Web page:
Battery Monitors

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Rob&Deryl

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Mar 27, 2017
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On the road from mid NH
1) I am new to the RV world
2) I am going to do my first boondocking in January at Q
3) I just replaced my group 24 battery with 2 GC2 AGM 6v batteries

My wife worries about having battery enough to pull in the slides and run the landing gear when time to break camp.

So, it seems I need a battery monitor.

I do have an inverter generator. I don’t know how long to run it and how often.

I would like one that can have a remote display. Better is if I don’t need to run wires from battery to display. Best is remote display plus phone or tablet display.

Suggestions?

thank you
 

DonTom

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Apr 21, 2005
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Auburn, CA or Reno, NV
I do have an inverter generator. I don’t know how long to run it and how often.
A SmartShunt on your house battery will let you know when you're fully charged as well as anything else you will want to know about your house battery after once set up and calibrated correctly.

Or else you have to guess, as I used to.

You should be able to run your generator as you put in the slides. The converter should help with the battery being low.

73, -Don- AA6GA/7 Reno, NV
 
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Mark_K5LXP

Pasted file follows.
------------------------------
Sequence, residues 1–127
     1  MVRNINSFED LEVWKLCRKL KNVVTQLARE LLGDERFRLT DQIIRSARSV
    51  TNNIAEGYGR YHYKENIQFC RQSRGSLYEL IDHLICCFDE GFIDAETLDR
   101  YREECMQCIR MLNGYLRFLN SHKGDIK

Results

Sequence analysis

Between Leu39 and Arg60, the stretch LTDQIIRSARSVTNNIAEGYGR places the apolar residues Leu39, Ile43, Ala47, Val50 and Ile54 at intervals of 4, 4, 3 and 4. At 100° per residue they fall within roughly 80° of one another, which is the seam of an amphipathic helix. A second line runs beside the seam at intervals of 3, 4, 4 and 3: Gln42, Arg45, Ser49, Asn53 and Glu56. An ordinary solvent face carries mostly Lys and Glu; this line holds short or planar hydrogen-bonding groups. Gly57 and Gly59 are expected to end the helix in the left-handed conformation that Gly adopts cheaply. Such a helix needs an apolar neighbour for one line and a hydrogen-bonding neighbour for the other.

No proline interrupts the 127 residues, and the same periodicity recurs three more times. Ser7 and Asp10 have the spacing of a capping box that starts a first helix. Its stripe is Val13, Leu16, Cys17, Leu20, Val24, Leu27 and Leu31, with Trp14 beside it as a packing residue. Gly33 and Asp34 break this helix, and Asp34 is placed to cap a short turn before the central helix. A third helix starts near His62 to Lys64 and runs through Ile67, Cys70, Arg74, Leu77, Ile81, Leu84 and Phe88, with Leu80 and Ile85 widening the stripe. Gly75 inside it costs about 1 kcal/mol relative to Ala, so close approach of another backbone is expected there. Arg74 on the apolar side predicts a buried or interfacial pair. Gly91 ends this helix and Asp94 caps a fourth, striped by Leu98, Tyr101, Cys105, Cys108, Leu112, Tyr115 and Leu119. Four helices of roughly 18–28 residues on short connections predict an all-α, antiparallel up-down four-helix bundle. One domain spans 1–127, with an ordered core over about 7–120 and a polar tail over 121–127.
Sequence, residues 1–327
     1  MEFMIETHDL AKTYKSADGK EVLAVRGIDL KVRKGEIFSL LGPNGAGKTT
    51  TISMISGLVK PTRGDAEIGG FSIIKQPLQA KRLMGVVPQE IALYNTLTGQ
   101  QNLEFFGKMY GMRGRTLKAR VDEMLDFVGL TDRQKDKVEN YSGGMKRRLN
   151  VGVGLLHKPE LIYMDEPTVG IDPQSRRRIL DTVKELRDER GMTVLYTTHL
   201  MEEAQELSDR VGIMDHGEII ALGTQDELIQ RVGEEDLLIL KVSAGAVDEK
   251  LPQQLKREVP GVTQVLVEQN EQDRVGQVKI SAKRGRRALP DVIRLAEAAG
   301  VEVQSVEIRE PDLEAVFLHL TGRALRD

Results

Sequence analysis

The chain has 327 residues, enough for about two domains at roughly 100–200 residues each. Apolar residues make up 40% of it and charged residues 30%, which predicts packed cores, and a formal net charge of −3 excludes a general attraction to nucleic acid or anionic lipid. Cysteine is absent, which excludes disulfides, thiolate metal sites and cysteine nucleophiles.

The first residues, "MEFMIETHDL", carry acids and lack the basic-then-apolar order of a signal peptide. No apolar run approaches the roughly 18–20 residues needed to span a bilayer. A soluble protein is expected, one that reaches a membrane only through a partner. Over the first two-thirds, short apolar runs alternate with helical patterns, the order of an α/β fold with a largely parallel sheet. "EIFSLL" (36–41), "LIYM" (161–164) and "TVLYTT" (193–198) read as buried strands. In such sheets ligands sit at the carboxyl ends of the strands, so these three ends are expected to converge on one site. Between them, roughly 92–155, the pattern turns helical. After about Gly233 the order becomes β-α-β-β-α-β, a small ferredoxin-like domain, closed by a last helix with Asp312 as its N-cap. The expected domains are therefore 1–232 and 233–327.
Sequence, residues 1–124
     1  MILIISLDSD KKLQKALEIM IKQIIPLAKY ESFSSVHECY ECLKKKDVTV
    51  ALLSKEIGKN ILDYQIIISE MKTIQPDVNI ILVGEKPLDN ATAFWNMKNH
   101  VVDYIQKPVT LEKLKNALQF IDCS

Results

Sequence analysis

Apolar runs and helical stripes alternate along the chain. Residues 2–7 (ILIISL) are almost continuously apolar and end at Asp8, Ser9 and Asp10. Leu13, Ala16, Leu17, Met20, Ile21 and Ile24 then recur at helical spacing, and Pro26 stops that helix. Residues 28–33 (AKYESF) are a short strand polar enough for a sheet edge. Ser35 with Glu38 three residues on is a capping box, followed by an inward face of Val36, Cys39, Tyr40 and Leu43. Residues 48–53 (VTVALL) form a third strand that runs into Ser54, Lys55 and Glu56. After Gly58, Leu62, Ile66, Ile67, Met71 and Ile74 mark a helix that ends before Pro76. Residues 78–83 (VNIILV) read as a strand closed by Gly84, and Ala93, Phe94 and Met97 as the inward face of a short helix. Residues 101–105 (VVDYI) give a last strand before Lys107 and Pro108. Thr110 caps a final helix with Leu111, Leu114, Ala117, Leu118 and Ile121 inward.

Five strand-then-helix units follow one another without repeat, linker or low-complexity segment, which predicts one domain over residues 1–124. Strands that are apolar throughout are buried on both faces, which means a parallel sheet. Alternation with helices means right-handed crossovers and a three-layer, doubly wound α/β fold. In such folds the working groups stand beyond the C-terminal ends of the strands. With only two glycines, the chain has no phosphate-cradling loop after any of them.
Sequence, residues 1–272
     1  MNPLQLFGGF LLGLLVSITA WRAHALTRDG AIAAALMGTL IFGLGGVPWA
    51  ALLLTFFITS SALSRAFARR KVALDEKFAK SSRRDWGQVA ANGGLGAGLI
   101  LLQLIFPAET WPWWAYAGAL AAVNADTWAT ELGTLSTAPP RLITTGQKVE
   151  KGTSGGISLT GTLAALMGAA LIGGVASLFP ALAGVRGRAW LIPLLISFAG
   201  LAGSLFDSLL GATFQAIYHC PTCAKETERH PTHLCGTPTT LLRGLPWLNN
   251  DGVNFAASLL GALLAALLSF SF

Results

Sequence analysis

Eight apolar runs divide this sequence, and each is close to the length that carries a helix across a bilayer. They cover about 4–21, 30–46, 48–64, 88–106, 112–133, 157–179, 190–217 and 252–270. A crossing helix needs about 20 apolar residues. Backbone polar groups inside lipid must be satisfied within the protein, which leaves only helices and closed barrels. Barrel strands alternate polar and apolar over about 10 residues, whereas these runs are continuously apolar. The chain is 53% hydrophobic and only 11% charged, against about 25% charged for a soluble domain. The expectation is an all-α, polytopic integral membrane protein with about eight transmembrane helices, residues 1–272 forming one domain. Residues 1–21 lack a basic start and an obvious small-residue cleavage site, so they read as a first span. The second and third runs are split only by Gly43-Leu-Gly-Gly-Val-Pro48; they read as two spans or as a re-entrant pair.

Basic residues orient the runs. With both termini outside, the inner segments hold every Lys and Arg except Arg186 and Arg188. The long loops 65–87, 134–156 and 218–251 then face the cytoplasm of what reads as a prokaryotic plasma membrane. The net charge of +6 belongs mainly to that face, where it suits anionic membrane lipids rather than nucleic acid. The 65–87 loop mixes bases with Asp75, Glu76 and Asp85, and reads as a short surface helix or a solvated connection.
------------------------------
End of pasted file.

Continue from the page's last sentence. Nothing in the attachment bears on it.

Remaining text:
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Albuquerque, NM
The Victron 712 sounds like a perfect fit for what you're wanting to do. I would want to put a few outings under my belt with this setup so I got a bit more familiar with the monitor, and performance of the batteries under your intended use.

Separate from that, there's no rule that says you can't run your generator while putting in your slides and raising the jacks, if you have to. Mine run off the chassis battery and I run the engine when I actuate the slides and jacks, primarily because I can.

Mark B.
Albuquerque, NM
 

Rob&Deryl

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Yup, thanks. Last time, when the original battery died and I got a low voltage warning on the leveling system while on shore power, I connected the dual batteries of my truck to the dead battery and got it done (I have a big Andersen connector at each end of the truck with a jumper cable I can plug in).

I will check out the Victron 712.

At our current campsite I had to correct for a front to back 7 degree after putting 4” under the trailer wheels. It involved unhitching, failing to get the front low enough, re-hitching (getting it high enough), putting the adjustable part of the landing gear all the way up, unhitching again, then lowering the front all the ways, lowering the rear levelers lots, and getting to a half a degree level. Two hours. Happy about new batteries.
 
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TonyL

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Dec 10, 2017
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UK